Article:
Are you thinking about purchasing hearing aids?
If the answer is yes, it can feel intimidating at first. There are a lot of choices available, and the confusing terminology doesn’t help.
That’s why we’re going to describe the most common and important terms, so when you work with your hearing professional you’ll be prepared to pick out the ideal hearing aid for you.
Hearing loss and testing
High-frequency hearing loss – this is the most common type of hearing loss. Individuals with high-frequency hearing loss have the most difficulty hearing higher frequency sounds, like the sounds of speech.
Sensorineural hearing loss – this form of hearing loss comes about when there is injury to the nerve cells of the inner ear. This is the most prevalent form of permanent hearing loss caused by direct exposure to loud noise, the aging process, genetics, or other medical conditions.
Bilateral hearing loss – hearing loss in both ears, which may be symmetrical (the equivalent level of loss in both ears) or asymmetrical (varied degrees of loss in each ear). Bilateral hearing loss is as a rule best treated with two hearing aids.
Audiogram – the chart that provides a visual representation of your hearing testing results. The vertical axis measures decibels (volume) and the horizontal axis measures frequencies (pitch). The hearing practitioner records the lowest decibel level that you can hear at each frequency. If you need higher volumes to hear higher frequencies, your audiogram will show a pattern of high-frequency hearing loss.
Decibel (dB) – the unit used to measure sound level or strength. Typical conversation registers at around 60 decibels, and continuous direct exposure to any sound in excess of 80 decibels could cause irreversible hearing loss. Seeing that the scale is logarithmic, an increase of 6-10 decibels doubles the volume of the sound.
Frequency – represents pitch as measured in hertz. Think of moving up the keys on a piano, from left to right (low-frequency/pitch to high-frequency/pitch).
Threshold of hearing – The lowest decibel level that can be heard at each frequency.
Degree of hearing loss – Hearing loss is generally classed as mild (26-40 dB loss), moderate (41-55), severe (71-90), or profound (91+).
Tinnitus – a prolonged ringing or buzzing in the ears when no external sound is present. Typically a sign of hearing injury or loss.
Hearing aid styles
Digital hearing aid – hearing aids that include a digital microchip, used to custom-program the hearing aids to accommodate each person’s distinct hearing loss.
Hearing aid style – the type of hearing aid characterized by its size and position in relation to the ear. Main styles include behind-the-ear, in-the-ear, and in-the-canal.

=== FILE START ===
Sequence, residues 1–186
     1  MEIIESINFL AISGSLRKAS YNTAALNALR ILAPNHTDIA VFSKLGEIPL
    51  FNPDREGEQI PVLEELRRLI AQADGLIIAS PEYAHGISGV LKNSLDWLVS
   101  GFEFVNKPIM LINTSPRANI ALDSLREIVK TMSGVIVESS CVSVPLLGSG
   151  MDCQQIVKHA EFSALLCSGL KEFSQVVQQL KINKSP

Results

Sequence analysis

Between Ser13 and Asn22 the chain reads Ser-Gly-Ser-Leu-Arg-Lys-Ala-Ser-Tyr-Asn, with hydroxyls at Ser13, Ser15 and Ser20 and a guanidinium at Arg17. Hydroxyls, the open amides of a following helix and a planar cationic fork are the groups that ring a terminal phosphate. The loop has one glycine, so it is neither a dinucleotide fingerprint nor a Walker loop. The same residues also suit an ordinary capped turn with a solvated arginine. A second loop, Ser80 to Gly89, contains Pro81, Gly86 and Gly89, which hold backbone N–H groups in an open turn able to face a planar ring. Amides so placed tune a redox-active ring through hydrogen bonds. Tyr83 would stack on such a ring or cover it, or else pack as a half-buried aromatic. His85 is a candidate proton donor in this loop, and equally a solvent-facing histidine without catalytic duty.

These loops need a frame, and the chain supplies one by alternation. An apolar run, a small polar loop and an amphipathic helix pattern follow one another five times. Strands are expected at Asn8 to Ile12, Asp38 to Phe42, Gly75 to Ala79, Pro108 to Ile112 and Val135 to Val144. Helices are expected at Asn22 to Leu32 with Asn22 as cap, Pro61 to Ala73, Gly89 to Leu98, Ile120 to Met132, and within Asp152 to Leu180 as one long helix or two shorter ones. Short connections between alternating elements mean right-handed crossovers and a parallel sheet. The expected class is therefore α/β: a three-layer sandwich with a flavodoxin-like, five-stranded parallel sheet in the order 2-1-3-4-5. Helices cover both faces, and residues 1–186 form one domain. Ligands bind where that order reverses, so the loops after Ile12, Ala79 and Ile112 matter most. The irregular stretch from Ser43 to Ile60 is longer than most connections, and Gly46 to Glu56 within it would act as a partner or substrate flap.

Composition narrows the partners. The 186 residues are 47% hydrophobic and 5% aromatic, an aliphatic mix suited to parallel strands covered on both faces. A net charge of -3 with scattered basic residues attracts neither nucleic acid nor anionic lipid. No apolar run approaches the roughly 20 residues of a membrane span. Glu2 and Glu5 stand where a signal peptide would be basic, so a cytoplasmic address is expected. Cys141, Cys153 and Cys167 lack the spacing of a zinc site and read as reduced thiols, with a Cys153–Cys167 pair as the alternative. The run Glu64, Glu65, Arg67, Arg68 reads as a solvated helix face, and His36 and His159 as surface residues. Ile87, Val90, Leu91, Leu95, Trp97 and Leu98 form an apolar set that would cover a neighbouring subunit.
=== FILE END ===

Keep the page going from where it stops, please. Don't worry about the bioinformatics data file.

Behind the ear (BTE) hearing aids – the majority of hearing aid parts are contained within a case that rests behind the ear, attached to an earmold by a clear plastic tube. Mini-BTE hearing aids are also available.
In the ear (ITE) hearing aids – the hearing aid components are contained inside of a case that fits in the external part of the ear.
In the canal (ITC) hearing aids – the hearing aid components are enclosed in a case that fits inside of the ear canal. Completely-in-the-canal (CIC) hearing aids are also obtainable that are practically invisible when worn.
Hearing aid parts
Earmold – a piece of plastic, acrylic, or other soft material that is shaped to the curves of the individual’s ears, used for the fitting of hearing aids.
Microphone – the hearing aid part that picks up external sound and converts the sound waves into an electrical signal.
Digital signal processor – a special microprocessor within a hearing aid that can adjust and enhance sound.
Amplifier – the part of the hearing aid that boosts the volume of sound.
Speaker – the hearing aid part that delivers the enhanced sound to the ear.
Wireless antenna – available in certain hearing aids, enabling wireless connection to compatible equipment such as smartphones and music players.
Hearing aid advanced features
Variable programming – hearing aid programming that permits the individual to adjust sound settings depending on the environment (e.g. at home versus in a crowded restaurant).
Directional microphones – microphones that can focus on sound originating from a specified location while minimizing background noise.
Telecoils – a coil located within the hearing aid that enables it to hook up to wireless signals emanating from telephones, assistive listening devices, and hearing loops installed in public venues.
Noise reduction – functionality that assists the hearing aid to differentiate speech sounds from background noise, leading to the augmentation of speech and the inhibition of distracting noise.
Bluetooth technology – permits the hearing aid to communicate wirelessly with a number of devices, including mobile phones, computers, audio players, and other compatible products.
Not sure which features you need, or which you could live without? Let us help you find the ideal hearing aid for your unique needs. Give us a call today!